Frequency Versus Quantity: Phenotypic Response of Two Wheat Varieties to Water and Nitrogen Variability

Olivia H. Cousins, Trevor P. Garnett, Amanda Rasmussen, Sacha J. Mooney, Ronald J. Smernik, Chris J. Brien, Timothy R. Cavagnaro

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Due to climate change, water availability will become increasingly variable, affecting nitrogen (N) availability. Therefore, we hypothesised watering frequency would have a greater impact on plant growth than quantity, affecting N availability, uptake and carbon allocation. We used a gravimetric platform, which measures the unit of volume per unit of time, to control soil moisture and precisely compare the impact of quantity and frequency of water under variable N levels. Two wheat genotypes (Kukri and Gladius) were used in a factorial glasshouse pot experiment, each with three N application rates (25, 75 and 150 mg N kg−1 soil) and five soil moisture regimes (changing water frequency or quantity). Previously documented drought tolerance, but high N use efficiency, of Gladius as compared to Kukri provides for potentially different responses to N and soil moisture content. Water use, biomass and soil N were measured. Both cultivars showed potential to adapt to variable watering, producing higher specific root lengths under low N coupled with reduced water and reduced watering frequency (48 h watering intervals), or wet/dry cycling. This affected mineral N uptake, with less soil N remaining under constant watering × high moisture, or 48 h watering intervals × high moisture. Soil N availability affected carbon allocation, demonstrated by both cultivars producing longer, deeper roots under low N. Reduced watering frequency decreased biomass more than reduced quantity for both cultivars. Less frequent watering had a more negative effect on plant growth compared to decreasing the quantity of water. Water variability resulted in differences in C allocation, with changes to root thickness even when root biomass remained the same across N treatments. The preferences identified in wheat for water consistency highlights an undeveloped opportunity for identifying root and shoot traits that may improve plant adaptability to moderate to extreme resource limitation, whilst potentially encouraging less water and nitrogen use.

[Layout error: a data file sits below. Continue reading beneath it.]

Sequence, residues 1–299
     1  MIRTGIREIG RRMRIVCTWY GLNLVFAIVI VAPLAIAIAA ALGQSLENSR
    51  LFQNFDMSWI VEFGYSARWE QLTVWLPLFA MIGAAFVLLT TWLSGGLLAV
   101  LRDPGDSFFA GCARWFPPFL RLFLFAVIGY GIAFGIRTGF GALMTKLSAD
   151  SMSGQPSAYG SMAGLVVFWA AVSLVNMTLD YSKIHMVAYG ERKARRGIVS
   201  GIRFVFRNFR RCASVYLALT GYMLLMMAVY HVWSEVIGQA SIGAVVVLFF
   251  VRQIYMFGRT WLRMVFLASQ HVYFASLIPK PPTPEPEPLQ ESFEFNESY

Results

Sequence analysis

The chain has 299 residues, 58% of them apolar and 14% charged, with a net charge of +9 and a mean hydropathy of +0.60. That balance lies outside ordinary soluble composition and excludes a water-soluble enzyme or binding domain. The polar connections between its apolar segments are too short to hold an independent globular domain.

Original languageEnglish
Pages (from-to)1631-1641
Number of pages11
JournalJournal of Soil Science and Plant Nutrition
Issue number2
Publication statusPublished - Jun 2021
Externally publishedYes


  • Biomass allocation
  • Nitrogen use efficiency
  • Plant physiology
  • Triticum aestivum
  • Variable water
  • Water use efficiency


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